Just before new year Eve Jackson who has been sorting out all my Tanzania CAA permissions in Dar es Salaam had asked me to bring a set of Land Rover brake cylinders; apparently the seals in the ones you can get in Tanzania are attacked by brake fluid and don't last long, and some sausages and pate. With the new year holidays and the fact that it is rather a vintage landrover the brake cylinders weren't so easy to find but I'd got them. The sausages and pate were a lot easier; from David Chapman, the excellent butcher in Baldock.
The last thing to do was to stuff them frozen into my padded camera bag before Dave the taxi man arrived at 3.30am to take me to Heathrow. There was a massive queue at Terminal 4 of people who seem to have thought they had to be there three hours in advance for their intercontinental flight. As far as KLM were concerned however, this first leg to Amsterdam was just a local flight and their check in staff didn't even turn up until there was 90 minutes to departure. With all the last minute bits and pieces in my bags, plus the brake cylinders and sausages I expected to be well and truly nailed for excess baggage but I needn't have worried, though I did have to do a bit of last minute juggling between the two of them to avoid a £35 penalty for one being more than 30 Kg.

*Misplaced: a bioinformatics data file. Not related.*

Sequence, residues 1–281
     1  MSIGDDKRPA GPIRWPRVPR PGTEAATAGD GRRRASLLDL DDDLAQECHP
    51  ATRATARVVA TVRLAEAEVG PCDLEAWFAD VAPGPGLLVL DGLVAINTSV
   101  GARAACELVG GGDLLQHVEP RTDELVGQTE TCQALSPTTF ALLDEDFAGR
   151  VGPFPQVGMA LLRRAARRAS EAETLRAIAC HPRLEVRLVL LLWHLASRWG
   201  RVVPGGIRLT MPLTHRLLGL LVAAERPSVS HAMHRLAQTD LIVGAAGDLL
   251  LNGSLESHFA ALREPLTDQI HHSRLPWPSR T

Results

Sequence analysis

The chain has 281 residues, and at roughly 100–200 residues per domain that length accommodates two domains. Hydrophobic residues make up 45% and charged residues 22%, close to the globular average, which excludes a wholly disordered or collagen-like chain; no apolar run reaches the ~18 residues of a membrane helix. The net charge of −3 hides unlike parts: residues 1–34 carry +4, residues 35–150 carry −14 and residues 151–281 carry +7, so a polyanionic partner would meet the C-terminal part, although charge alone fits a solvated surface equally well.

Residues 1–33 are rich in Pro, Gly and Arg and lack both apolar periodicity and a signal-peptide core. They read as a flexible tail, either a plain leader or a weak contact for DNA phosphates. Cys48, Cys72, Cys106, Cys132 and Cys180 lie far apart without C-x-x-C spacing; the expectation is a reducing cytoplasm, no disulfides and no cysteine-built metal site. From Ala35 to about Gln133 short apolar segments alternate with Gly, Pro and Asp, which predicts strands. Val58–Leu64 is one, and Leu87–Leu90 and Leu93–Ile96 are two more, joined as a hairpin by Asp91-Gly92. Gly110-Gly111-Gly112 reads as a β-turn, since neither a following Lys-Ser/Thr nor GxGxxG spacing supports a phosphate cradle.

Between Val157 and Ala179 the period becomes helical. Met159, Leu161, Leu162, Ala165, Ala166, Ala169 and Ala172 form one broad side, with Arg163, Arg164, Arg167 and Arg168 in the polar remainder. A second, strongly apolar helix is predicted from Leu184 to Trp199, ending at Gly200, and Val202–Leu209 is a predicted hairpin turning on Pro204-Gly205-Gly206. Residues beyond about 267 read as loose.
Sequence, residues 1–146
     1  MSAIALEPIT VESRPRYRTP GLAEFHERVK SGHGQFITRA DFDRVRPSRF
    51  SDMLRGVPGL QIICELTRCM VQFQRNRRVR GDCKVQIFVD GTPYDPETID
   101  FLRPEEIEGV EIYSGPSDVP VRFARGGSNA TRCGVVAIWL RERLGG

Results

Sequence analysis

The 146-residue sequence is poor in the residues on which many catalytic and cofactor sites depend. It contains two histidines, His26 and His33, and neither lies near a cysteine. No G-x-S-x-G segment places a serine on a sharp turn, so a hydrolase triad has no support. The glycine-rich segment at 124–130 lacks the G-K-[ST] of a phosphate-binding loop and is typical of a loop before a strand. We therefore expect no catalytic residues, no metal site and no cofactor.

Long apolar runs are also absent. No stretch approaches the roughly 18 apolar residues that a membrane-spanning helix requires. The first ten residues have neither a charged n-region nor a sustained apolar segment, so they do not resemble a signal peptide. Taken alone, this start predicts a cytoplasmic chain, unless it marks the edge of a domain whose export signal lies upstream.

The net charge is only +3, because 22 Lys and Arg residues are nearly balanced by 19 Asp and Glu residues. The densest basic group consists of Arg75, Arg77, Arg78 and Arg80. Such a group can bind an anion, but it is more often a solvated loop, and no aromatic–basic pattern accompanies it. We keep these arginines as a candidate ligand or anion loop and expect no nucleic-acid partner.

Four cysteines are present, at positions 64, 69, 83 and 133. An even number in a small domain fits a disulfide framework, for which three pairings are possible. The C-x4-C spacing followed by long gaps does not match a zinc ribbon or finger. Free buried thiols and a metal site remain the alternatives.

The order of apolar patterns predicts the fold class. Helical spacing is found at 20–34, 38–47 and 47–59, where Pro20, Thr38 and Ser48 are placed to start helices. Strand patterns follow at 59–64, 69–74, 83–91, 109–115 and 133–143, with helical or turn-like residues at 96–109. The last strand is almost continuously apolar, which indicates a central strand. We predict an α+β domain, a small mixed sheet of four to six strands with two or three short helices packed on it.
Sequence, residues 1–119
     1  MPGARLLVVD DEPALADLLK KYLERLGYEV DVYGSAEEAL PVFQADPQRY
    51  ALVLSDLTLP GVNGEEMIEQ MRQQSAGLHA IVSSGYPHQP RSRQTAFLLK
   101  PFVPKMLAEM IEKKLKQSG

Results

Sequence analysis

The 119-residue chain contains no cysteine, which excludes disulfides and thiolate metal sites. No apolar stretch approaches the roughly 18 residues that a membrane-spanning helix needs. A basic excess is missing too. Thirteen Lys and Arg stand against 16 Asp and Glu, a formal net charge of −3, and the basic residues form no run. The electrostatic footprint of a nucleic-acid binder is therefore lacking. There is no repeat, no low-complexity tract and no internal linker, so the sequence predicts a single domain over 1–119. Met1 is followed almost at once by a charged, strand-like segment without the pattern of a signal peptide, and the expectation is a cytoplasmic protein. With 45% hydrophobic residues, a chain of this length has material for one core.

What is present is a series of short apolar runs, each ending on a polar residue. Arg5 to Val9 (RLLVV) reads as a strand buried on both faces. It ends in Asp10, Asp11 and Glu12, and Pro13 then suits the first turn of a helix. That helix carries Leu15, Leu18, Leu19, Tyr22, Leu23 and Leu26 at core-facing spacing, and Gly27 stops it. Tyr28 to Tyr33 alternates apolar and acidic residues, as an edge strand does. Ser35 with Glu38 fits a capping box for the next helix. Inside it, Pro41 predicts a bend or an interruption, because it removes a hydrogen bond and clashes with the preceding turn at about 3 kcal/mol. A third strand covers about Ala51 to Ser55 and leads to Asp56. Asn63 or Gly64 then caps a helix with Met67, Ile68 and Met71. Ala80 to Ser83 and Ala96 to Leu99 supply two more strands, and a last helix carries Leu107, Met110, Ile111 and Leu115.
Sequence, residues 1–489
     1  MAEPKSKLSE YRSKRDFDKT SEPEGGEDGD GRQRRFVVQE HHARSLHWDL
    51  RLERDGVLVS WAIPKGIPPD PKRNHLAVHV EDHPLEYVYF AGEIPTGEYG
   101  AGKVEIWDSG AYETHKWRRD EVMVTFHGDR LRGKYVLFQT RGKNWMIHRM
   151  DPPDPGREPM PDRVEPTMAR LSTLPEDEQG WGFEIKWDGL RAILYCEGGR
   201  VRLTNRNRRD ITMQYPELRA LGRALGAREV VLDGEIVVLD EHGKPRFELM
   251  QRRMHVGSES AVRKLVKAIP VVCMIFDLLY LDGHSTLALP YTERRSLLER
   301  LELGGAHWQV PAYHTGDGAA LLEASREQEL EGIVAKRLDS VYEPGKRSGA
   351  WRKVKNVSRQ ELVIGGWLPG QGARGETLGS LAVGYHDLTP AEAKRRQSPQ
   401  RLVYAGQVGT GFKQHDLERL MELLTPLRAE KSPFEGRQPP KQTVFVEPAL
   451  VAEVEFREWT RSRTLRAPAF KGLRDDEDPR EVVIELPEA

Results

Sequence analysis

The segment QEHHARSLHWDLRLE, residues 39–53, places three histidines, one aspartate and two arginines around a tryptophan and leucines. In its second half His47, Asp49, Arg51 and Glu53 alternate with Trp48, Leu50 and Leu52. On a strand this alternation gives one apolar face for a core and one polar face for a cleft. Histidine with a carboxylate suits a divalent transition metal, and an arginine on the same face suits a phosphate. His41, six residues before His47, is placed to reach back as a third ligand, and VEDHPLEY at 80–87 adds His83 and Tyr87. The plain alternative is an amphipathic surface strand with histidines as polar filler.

I slept for the first half of the flight from Amsterdam to Nairobi, my GPS told me I'd woken up somewhere over Darfur. Just before sunset we went over the Nile at Malakal where I'd blocked the runway for an hour by landing with a puncture in all three tyres almost exactly 22 years ago on my London - Capetown flight.
In the seat behind me a young chap from Bor was staring out of the window at his homeland. He had spent most of his life in Kentucky, but now things in Southern Sudan things are more peaceful than they have been for a long time was making his first trip home since he'd left as a child. I was interested to know whether he was often treated as something like a slave in Kentucky as in my experience it's something of a confederate stronghold, but he said no, never.
My last visit to Malakal was when it was a government held town under seige by John Garang's SPLA rebel army. It wasn't a siege like you see on the movies though, in fact the only real manifestation was the lack of fuel or any other kind of supplies from the outside World since the boat from Khartoum was comprehensively shot up the year before. I had prepared for this though, and had pre-positioned six jerry cans of fuel which turned out to be much more than enough and I sold the two and half leftover cans for more than it had cost me to fly it all there in the first place. Perhaps the best deal I've ever done in Africa, I didn't say that it had 2% two-stroke oil in it, but the chap who bought it could only drive a couple of miles up and down in town.
I had to change planes in Nairobi. There were a few people on my flight to Dar who were getting away from the riots expected the next day, but on the whole people seemed very calm and there was enough traffic on the roads to suggest there wasn't a curfew.